Indonesia, the Example of Unity in Diversity

Indonesia, as the largest archipelago in the world, is an example of a nation with “unity in diversity”.Indonesians refer to their homeland as Tanah Air Kita, which means “Our Land and Water.” This refers to its geographical makeup consisting of 18,108 islands (based on 2003 satellite imaging data by the Aviation and Space Institute) with a total land mass of 1.91 million square kilometers connected by six seas covering more than 3 million square kilometers.


The temperature ranges between 16-35 degrees Celsius (61-91 degrees F) with humidity ranging from 60-90 percent. There are two seasons, the rainy monsoon season which usually lasts from November through May, followed by the dry season which usually lasts from June through October. Rainfall varies throughout Indonesia, averaging 706 mm (28 inches) yearly.

This strategic position has always influenced the cultural, social, political, and economic life of the country. The territory of the Republic of Indonesia stretches from 6.08’ north latitude to 11.15’ south latitude. The Indonesian sea area is four times greater than its land area, which is about 1.9 million sq km (including an exclusive economic zone) and constitutes about 81 percent of the total area of the country.


Indonesia (with around 235 million people) is the fourth most populous nation in the world after China, India and the United States. Over two thirds of the population resides in Java, the center of the country’s economic and political power.


About 88% of the population is Muslim. Roughly 10% is Christian (Protestant and Roman Catholic) and approximately 2% is Hindu and Buddhist. All five of these religions are formally recognized in Indonesia and have official national holidays commemorating events of importance to their followers. While the country is predominantly Muslim, the government is secular and therefore is not based on a single religion.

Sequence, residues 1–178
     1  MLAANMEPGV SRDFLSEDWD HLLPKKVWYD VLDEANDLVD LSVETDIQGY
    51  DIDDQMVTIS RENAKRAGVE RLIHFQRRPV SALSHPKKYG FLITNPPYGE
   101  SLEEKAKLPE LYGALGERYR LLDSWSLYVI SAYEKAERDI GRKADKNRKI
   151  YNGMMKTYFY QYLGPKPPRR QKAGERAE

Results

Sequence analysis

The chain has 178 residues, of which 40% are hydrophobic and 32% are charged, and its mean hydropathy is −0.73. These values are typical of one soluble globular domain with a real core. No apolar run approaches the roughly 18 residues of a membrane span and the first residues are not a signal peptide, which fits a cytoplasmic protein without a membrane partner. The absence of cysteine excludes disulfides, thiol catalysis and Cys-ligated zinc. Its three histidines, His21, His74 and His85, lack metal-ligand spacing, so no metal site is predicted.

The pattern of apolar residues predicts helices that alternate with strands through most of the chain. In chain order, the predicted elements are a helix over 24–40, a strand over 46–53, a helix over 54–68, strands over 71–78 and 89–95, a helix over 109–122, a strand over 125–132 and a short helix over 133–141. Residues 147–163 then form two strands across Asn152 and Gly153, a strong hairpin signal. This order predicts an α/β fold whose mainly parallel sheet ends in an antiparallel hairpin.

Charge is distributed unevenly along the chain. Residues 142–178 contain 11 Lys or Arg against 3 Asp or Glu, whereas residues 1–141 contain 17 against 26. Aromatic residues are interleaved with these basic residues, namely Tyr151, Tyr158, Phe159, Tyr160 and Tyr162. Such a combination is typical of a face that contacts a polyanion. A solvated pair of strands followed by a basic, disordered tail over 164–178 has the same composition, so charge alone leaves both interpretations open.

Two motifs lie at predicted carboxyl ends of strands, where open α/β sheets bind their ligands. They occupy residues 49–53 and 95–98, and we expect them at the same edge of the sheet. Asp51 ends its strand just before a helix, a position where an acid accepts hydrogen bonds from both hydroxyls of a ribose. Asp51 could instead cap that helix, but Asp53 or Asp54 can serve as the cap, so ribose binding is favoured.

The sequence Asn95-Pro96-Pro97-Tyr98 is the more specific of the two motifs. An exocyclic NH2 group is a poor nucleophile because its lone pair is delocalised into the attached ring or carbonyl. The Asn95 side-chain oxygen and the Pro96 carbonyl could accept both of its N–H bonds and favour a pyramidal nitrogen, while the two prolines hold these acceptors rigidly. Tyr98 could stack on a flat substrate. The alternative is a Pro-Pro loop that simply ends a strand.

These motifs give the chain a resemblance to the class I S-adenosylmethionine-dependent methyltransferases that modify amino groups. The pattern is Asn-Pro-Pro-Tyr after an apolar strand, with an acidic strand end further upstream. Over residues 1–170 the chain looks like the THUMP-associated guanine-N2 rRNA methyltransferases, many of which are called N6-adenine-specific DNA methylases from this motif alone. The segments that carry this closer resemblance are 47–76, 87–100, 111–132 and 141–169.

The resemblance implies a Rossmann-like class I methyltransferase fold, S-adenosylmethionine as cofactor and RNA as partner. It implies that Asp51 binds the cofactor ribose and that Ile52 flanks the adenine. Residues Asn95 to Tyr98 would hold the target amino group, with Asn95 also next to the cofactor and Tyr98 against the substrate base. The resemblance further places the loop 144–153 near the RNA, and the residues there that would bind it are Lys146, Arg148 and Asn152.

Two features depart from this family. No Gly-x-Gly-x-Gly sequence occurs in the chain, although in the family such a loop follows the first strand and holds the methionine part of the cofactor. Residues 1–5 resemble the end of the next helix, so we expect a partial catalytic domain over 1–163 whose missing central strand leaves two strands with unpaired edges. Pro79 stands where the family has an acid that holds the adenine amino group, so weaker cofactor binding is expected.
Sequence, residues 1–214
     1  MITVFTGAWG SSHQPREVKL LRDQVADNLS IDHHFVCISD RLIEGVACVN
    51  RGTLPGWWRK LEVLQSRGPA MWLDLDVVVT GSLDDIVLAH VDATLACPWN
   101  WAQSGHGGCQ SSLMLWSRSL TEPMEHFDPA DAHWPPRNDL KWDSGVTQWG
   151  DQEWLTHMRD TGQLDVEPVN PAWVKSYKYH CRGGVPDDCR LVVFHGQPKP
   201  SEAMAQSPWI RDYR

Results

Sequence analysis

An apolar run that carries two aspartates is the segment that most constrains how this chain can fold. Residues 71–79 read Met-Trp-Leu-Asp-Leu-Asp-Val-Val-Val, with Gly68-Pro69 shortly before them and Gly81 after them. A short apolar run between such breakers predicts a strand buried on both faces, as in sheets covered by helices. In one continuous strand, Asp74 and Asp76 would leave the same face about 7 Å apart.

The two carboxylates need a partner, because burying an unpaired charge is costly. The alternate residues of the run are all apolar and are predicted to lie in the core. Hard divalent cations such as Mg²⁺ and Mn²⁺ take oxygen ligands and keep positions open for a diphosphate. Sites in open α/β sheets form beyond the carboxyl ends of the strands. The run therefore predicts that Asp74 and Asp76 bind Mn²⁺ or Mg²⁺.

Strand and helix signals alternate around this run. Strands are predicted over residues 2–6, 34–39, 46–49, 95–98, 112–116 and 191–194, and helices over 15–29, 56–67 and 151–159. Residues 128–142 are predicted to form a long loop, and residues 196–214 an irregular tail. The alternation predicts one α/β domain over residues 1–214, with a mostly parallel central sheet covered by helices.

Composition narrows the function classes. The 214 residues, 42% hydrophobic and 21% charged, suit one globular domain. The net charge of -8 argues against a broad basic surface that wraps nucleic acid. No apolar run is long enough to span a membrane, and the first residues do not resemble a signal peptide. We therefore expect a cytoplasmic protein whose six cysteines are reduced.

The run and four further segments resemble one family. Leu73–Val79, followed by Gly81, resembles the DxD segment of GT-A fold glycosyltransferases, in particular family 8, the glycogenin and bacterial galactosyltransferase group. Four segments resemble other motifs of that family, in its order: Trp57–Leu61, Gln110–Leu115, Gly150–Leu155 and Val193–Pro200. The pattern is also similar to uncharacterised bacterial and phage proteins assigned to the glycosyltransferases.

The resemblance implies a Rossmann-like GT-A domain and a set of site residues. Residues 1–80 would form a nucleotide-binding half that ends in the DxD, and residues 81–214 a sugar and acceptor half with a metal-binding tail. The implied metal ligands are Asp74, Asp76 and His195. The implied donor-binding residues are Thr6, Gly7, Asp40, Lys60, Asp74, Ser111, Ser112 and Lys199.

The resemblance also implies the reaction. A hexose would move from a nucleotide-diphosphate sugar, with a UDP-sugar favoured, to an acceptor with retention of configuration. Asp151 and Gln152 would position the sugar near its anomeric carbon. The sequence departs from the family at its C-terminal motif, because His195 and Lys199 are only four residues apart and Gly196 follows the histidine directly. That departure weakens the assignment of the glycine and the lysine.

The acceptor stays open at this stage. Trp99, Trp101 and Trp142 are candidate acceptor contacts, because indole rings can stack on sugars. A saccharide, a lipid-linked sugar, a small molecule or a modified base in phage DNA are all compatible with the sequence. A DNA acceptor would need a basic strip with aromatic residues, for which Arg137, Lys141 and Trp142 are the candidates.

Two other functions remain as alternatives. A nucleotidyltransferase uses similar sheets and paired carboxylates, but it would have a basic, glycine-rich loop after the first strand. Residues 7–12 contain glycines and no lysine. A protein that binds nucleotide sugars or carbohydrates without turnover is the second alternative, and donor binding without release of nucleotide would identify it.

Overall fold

Largest Cities

Jakarta, with a population of over 10 million, Surabaya, Bandung, Semarang, Yogyakarta, Surakarta (Solo), Medan, Padang, Palembang, Ujung Pandang, Banjarmasin, Bandar Lampung and Manado.

Indonesia Big City

The Language

The official language is Bahasa Indonesia. The written and spoken form is based on the Malay trade dialect which was used throughout the region in the past. Bahasa Indonesia is a strong unifying factor in a country where more than 300 distinct regional languages are still spoken. Bahasa Indonesia is not a difficult language to learn and many expatriates quickly learn the language sufficiently to succeed in meeting every day needs. More formal Bahasa Indonesia is expected to be used in high level business meetings. Newspapers and television news use formal Bahasa Indonesia.

English may be spoken in international and high level business contexts in large cities. You may be able to converse with some Indonesians in Jakarta in English. In rural areas it may be difficult to find people who speak English, unless the locale is a widely visited tourist destination. Many employees of international hotels and limousine drivers speak English. You may have difficulty finding an English speaking taxi driver or household staff.

Dutch may be understood by older Indonesians, who may have attended Dutch schools.

The Republic of Indonesia

Indonesia is a republic with political power organized around the executive, legislative and judicial branches of government. Indonesia declared independence from the Netherlands and Japan on August 17, 1945.

A tasty and Simple Cuisine

Indonesian cooking is mainly of the village. The combination of contrasting flavors, textures, and colors distinguishes the cuisine and unifies the various regional styles. Several dishes are usually present at one meal, which results to serve the food at the room temperature. Everything is generally served together: soups, side dishes, sauces, meats, fish, vegetables, fruits…..

Nasi campur

An average Indonesian family meal consist mainly of rice with a vegetable dish and a fish, chicken, or meat dish which come along with condiment called sambal. Raw vegetables (lalap) with sambal are also very common parts of a meal.

Food of the Indonesian Archipelago is very much based on peasant tradition. Unlike the cuisines of China and Thailand, there are no elaborate recipes derived from court delicacies or ceremonial dishes. Indonesian food is to be eaten and enjoyed with family and friends. Based on fresh and simple ingredients blended with a subtle range of spices, it reflects the colorful diversity of its regions and the outside influences on its people throughout history.



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